The NBC Olympic Broadcast: A Case Study of a Media ConglomeratePosted: September 5, 2012 Filed under: Communications, Sociology | Tags: FCC, government regulation, media, media conglomerate, nbc, nbc olympics, regulation fail 5 Comments
Every four years, athletes from around the world gather in one city to compete in what some consider the greatest sporting event in the world. According to Nielsen Company (2008), nearly 70% of the world’s population tuned in to watch the 2008 Olympics in Beijing, or more the 4.7 billion sets of eyeballs. The staggering figures suggest that the Olympics may be more of a media event than a sporting event. Moreover, without media funding, it is unlikely the Olympics would exist, given that television rights fees make up most of the International Olympic Committee’s revenue (Associated Press, 2008). In fact, NBC paid more than $2.2 billion, a staggering sum, for the television rights to the 2012 London Olympics (Associated Press, 2008). Only a large and well-funded media organization can afford to bid on the rights, much less be able to successfully monetize such an event. While a large media organization is needed to enable events like the Olympics, what is the make up and character of such organizations, how are they successful, and most importantly, what are the implications for the public? Through the examination of NBC as a case study, this author has noted that greater media concentration has potential negative implications for both audience content and the U.S. political and regulatory processes.
NBC Corporate Background
The National Broadcasting Company, or NBC, was born from the early days of radio as an offshoot of an AT&T-GE-Westinghouse-RCA collaboration (Benkler, 2006). In 1986, to avoid the threat of hostile takeover, RCA, the parent company of NBC, was purchased by manufacturing giant, General Electric (Richter, 1985). In 2011, Comcast Inc. cleared FCC regulatory hurdles and won approval to purchase a 51% controlling interest in NBC Universal from General Electric, despite media watchdog concerns over one corporation’s power to both create and deliver content, an industry first (Reardon, 2011). With the acquisition of NBC Universal, Comcast has become “a leading provider of entertainment, information and communications products and services” (Comcast Corporation, 2012, p. 1).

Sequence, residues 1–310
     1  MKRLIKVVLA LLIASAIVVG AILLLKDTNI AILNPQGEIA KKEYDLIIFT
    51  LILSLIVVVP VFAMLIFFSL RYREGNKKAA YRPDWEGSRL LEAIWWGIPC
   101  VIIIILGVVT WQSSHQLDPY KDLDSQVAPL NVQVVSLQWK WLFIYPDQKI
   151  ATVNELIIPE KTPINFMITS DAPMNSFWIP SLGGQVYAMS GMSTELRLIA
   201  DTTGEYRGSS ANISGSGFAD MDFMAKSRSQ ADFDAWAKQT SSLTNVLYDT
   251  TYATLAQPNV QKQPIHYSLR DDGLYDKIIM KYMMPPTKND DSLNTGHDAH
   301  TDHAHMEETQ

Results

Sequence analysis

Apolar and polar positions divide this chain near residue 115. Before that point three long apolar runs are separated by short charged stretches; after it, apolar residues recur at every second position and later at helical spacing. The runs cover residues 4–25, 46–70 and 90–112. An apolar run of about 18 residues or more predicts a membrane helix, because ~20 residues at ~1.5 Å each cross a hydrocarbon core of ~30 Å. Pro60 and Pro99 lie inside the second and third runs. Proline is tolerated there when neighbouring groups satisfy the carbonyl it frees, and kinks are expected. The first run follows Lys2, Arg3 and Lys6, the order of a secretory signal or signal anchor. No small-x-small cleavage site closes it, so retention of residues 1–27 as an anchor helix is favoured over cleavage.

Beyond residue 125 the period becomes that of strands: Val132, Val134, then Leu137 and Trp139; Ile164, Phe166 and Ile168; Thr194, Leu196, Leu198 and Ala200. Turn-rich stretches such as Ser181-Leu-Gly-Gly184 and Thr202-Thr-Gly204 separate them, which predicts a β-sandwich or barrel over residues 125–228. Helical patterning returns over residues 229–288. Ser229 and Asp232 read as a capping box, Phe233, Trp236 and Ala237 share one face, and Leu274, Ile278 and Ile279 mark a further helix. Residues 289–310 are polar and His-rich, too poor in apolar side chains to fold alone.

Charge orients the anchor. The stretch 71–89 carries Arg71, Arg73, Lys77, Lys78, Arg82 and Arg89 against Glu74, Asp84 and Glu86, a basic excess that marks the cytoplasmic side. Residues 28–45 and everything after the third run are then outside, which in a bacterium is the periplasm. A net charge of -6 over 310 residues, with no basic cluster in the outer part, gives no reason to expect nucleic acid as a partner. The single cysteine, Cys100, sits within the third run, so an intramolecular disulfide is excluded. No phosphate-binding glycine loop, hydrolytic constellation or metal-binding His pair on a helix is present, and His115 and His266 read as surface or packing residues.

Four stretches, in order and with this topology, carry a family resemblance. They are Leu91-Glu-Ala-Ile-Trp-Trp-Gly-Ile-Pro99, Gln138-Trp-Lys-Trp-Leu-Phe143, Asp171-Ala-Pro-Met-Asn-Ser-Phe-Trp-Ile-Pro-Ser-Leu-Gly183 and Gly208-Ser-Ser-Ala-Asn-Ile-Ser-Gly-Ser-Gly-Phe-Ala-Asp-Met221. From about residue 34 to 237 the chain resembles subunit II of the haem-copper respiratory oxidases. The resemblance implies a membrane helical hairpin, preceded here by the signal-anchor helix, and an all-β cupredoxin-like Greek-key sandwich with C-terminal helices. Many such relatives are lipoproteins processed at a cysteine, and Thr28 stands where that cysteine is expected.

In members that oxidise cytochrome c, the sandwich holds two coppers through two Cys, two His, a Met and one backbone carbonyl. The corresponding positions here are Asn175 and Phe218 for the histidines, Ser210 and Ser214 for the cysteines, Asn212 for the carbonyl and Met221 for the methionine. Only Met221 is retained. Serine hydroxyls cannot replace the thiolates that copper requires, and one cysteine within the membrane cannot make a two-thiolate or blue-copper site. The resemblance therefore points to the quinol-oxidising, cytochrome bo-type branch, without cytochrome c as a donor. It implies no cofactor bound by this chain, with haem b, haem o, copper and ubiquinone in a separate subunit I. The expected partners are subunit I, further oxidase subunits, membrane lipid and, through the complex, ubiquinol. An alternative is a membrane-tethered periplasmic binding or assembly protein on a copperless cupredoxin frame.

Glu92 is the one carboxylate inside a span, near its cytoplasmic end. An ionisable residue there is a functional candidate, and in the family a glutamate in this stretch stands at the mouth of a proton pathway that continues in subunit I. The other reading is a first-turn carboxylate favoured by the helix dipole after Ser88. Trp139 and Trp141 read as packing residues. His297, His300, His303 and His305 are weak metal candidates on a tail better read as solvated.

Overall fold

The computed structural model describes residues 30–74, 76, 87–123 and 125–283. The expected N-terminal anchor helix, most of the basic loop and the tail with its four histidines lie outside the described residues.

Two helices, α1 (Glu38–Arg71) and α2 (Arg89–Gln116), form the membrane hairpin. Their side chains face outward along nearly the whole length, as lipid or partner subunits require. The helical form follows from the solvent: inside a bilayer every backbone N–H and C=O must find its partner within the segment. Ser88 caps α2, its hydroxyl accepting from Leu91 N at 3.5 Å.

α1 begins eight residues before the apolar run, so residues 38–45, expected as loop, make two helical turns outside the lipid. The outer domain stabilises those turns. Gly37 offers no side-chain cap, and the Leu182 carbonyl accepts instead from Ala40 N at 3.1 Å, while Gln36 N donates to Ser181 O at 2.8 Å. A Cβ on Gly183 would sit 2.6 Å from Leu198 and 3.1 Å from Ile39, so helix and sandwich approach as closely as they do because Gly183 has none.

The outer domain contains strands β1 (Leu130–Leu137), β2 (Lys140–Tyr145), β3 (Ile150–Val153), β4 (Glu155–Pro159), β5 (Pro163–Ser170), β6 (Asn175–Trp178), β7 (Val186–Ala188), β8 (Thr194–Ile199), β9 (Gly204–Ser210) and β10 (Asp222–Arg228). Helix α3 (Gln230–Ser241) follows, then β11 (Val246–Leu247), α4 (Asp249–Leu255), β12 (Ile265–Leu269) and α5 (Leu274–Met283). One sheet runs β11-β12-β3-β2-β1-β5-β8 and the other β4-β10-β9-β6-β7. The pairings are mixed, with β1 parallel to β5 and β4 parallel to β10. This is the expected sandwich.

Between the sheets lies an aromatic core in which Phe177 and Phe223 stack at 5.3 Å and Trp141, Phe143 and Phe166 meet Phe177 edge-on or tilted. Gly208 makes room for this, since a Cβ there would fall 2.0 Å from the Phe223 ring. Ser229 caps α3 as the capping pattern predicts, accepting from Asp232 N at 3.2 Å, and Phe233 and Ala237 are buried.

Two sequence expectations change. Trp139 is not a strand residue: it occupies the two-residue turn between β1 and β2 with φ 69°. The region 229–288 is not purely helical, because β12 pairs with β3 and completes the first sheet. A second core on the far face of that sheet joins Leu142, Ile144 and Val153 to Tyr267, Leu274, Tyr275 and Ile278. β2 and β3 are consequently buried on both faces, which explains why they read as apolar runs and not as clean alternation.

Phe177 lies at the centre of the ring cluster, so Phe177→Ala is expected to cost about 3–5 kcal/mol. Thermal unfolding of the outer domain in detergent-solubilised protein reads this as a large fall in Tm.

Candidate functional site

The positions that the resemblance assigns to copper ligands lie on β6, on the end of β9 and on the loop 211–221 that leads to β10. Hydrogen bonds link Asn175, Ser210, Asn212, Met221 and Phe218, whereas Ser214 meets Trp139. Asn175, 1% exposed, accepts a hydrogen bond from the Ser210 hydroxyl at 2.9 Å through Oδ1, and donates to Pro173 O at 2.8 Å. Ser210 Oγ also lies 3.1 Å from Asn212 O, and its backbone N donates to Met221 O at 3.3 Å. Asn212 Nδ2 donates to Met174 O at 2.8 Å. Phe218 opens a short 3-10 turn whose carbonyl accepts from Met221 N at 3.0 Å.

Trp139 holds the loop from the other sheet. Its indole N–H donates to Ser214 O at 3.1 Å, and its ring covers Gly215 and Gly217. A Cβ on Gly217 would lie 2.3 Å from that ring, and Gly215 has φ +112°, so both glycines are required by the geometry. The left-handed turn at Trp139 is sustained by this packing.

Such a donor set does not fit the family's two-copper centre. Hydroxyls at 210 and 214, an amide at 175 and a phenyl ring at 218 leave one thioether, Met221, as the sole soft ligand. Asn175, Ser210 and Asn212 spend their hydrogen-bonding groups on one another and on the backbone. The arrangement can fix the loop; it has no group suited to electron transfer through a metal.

The Post-NBC Acquisition Comcast Media Business
Comcast Corporation is a $55 billion vertically integrated media conglomerate with a market capitalization of more than $92 billion comprised of five operating segments, cable communication, cable television, broadcast television, filmed entertainment, and theme parks (Comcast Corporation, 2012). The cable communication segment is responsible for 67% of their revenue, being wired directly to more than 50 million homes and “serving 22.3 million video customers, 18.1 million high-speed Internet customers and 9.3 million voice customers” (Comcast Corporation, 2012, p. 3). Moreover, with the acquisition of NBC Universal, Comcast increased its content assets to more that $14 billion worth of annual revenue spanning cable and broadcast television stations, the Telemundo and NBC broadcast networks, film production, and digital properties like Television Without Pity, iVillage, Daily Candy, Fandango, and perhaps most importantly, online video service Hulu (Comcast Corporation, 2012). While some have been skeptical of vertical integration strategies following the AOL/Time Warner debacle, Comcast executives have emphasized that the NBC Universal acquisition is not aimed at creating synergy between segments, suggesting rather it simply makes financial and strategic sense for Comcast shareholders (Knowledge@Wharton, 2009). Given the lack of focus on synergy, what does Comcast hope to gain through becoming a content provider?